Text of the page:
How Much Can You Give Away and Still Qualify for Vendor Medicaid?

There are pros and cons to gifting your assets to loved ones, especially if you need long term skilled nursing care in the future. The Vendor Medicaid rules on gifting are more favorable for married couples. However, single applicants may benefit from certain gifting strategies as well.

Proper nursing home planning may help save you or your loved ones tens of thousands of dollars or more. It is imperative that you consult an elder law attorney before making gifts or transferring assets that may disqualify you from receiving Vendor Medicaid benefits.

Cons of Gifting to Loved Ones

Medicaid does not want you to move into a nursing home on Monday, give all your money away on Tuesday, and qualify for Vendor Medicaid on Wednesday. So, it imposes a penalty on applicants who transfer money or assets without receiving fair value in return.

A person applying for Vendor Medicaid must disclose all their financial transactions during the five years preceding the date of their Medicaid application. This is frequently called the “look-back period.” The state Medicaid agency then reviews all transactions and determines whether the applicant transferred any assets for less than fair market value.

If there are asset transfers that are deemed “non-exempt”, the penalty is determined by dividing the amount transferred by the average private pay cost of a nursing home. This is called the penalty period. You may have to private pay for nursing home care during the penalty period.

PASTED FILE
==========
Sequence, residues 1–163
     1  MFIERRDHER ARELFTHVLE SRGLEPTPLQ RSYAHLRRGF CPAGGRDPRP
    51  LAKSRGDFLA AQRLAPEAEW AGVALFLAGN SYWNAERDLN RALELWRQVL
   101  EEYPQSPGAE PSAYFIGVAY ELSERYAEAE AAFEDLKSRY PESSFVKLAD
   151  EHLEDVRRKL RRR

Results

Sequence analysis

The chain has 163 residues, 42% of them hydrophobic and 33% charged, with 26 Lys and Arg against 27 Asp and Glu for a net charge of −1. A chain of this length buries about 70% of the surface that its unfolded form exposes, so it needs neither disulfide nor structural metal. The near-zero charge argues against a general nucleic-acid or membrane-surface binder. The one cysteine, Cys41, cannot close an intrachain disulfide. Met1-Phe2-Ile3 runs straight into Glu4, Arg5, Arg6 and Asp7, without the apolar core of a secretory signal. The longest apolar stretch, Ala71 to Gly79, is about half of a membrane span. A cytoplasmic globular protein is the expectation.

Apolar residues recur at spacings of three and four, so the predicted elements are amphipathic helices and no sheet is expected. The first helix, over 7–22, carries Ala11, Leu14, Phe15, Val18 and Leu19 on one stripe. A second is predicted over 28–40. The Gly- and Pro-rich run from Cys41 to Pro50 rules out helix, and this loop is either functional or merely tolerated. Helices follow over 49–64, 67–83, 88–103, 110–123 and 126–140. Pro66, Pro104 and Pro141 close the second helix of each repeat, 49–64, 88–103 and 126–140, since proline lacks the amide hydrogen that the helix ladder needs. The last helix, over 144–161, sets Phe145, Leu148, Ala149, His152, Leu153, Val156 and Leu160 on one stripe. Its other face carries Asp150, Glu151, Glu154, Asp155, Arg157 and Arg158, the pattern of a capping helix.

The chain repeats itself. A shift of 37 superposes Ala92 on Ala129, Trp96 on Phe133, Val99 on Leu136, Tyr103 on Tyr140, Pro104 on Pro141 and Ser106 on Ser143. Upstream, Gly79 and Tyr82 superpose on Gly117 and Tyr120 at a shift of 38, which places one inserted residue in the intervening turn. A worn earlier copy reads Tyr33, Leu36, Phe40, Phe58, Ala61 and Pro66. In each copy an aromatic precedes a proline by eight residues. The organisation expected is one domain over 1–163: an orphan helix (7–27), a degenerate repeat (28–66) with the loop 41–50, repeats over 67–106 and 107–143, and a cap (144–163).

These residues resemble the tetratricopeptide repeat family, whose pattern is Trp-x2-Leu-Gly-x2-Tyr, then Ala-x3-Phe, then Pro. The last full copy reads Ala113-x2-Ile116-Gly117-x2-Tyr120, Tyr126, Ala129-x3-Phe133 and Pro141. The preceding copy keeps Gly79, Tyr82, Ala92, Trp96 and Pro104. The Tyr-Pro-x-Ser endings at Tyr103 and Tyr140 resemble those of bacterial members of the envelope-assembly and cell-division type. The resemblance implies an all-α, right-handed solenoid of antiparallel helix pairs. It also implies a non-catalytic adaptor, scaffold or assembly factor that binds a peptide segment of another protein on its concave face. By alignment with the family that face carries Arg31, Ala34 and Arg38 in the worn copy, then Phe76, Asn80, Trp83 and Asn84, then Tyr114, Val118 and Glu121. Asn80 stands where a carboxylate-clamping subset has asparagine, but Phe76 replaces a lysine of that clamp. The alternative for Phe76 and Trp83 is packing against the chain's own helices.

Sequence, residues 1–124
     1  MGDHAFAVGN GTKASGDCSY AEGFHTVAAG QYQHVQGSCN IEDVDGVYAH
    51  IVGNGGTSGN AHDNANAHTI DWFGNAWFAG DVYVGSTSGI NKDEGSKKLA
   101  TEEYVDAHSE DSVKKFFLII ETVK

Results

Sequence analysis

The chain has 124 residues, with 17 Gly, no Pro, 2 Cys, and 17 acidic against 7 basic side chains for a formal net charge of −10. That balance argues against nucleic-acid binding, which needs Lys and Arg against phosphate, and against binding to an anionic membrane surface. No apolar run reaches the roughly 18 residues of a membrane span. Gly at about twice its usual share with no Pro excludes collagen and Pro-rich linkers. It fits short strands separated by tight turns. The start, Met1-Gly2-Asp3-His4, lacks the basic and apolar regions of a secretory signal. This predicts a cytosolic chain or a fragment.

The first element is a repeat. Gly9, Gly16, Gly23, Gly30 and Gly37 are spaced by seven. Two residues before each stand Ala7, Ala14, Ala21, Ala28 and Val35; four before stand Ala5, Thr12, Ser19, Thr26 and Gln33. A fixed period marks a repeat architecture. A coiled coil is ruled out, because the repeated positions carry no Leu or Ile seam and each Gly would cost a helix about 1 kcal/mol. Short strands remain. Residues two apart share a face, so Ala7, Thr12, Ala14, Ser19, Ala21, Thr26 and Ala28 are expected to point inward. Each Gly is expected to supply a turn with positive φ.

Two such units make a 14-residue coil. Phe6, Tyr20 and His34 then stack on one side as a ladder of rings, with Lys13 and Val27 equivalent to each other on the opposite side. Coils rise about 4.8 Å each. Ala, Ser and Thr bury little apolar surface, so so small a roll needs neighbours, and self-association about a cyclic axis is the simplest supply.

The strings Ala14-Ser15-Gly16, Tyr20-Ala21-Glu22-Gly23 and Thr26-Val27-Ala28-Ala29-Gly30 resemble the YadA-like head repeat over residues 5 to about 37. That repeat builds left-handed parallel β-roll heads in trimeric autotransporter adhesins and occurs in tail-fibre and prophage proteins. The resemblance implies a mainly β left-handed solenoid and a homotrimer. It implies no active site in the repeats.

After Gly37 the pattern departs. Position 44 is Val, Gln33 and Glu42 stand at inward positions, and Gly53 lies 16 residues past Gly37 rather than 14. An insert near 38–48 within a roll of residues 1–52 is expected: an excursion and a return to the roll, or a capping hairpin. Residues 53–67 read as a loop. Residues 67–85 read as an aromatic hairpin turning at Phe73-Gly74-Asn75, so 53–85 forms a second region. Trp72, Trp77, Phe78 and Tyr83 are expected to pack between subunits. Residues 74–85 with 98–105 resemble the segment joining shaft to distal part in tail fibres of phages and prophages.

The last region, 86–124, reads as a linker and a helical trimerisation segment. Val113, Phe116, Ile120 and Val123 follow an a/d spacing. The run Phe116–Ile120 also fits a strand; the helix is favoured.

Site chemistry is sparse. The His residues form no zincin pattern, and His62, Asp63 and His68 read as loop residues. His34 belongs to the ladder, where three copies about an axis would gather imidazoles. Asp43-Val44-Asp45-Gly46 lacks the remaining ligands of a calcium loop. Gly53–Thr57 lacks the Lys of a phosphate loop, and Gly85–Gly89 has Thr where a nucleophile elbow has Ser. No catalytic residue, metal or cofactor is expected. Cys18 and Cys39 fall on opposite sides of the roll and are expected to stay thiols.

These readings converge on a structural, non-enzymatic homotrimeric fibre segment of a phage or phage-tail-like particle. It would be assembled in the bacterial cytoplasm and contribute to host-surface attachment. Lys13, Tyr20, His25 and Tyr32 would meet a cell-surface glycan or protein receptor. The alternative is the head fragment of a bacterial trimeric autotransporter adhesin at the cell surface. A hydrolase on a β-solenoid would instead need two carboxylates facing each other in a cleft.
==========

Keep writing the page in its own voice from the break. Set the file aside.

The penalty period created by a “non-exempt” transfer within the look-back period does not begin until the person making the transfer has moved to a nursing home, they have spent down to the asset limit for Medicaid eligibility, have applied for Medicaid coverage, and have been approved for coverage except for the transfer.

Pros of Gifting to Loved Ones

Transferring assets to spouses and certain other recipients may not trigger a penalty period for Vendor Medicaid eligibility. It is important to consult an elder law attorney to determine what transfers may be exempt and to whom you can make transfers.

For certain single individuals, gifting and imposing a penalty period may be the best strategy for preserving the most assets. Ozarks Elder Law will evaluate your individual situation and present the options available for you and your family.

Call Ozarks Elder Law for a free consultation before making any gifts or transfers that may disqualify you from Vendor Medicaid benefits. We may also be able to help “cure” asset transfers previously made that could disqualify you from assistance.